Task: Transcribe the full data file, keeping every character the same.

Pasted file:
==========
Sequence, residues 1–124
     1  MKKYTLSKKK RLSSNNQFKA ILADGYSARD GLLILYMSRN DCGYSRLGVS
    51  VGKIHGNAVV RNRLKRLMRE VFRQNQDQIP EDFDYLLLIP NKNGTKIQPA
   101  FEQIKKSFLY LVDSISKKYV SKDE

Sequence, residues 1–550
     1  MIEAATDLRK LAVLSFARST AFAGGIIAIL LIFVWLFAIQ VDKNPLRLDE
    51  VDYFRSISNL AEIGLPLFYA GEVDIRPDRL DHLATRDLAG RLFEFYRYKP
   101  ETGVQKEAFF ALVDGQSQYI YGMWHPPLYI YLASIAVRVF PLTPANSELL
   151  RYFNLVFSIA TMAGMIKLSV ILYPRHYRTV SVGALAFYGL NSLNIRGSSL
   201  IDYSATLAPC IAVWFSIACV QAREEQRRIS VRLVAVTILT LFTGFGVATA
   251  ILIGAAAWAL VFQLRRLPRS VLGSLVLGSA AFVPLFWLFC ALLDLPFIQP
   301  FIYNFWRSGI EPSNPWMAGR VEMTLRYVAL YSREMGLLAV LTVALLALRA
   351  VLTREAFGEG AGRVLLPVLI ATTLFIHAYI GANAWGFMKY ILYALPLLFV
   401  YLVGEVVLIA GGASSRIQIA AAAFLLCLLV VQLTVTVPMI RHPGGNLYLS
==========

Sequence, residues 1–124
     1  MKKYTLSKKK RLSSNNQFKA ILADGYSARD GLLILYMSRN DCGYSRLGVS
    51  VGKIHGNAVV RNRLKRLMRE VFRQNQDQIP EDFDYLLLIP NKNGTKIQPA
   101  FEQIKKSFLY LVDSISKKYV SKDE

Sequence, residues 1–550
     1  MIEAATDLRK LAVLSFARST AFAGGIIAIL LIFVWLFAIQ VDKNPLRLDE
    51  VDYFRSISNL AEIGLPLFYA GEVDIRPDRL DHLATRDLAG RLFEFYRYKP
   101  ETGVQKEAFF ALVDGQSQYI YGMWHPPLYI YLASIAVRVF PLTPANSELL
   151  RYFNLVFSIA TMAGMIKLSV ILYPRHYRTV SVGALAFYGL NSLNIRGSSL
   201  IDYSATLAPC IAVWFSIACV QAREEQRRIS VRLVAVTILT LFTGFGVATA
   251  ILIGAAAWAL VFQLRRLPRS VLGSLVLGSA AFVPLFWLFC ALLDLPFIQP
   301  FIYNFWRSGI EPSNPWMAGR VEMTLRYVAL YSREMGLLAV LTVALLALRA
   351  VLTREAFGEG AGRVLLPVLI ATTLFIHAYI GANAWGFMKY ILYALPLLFV
   401  YLVGEVVLIA GGASSRIQIA AAAFLLCLLV VQLTVTVPMI RHPGGNLYLS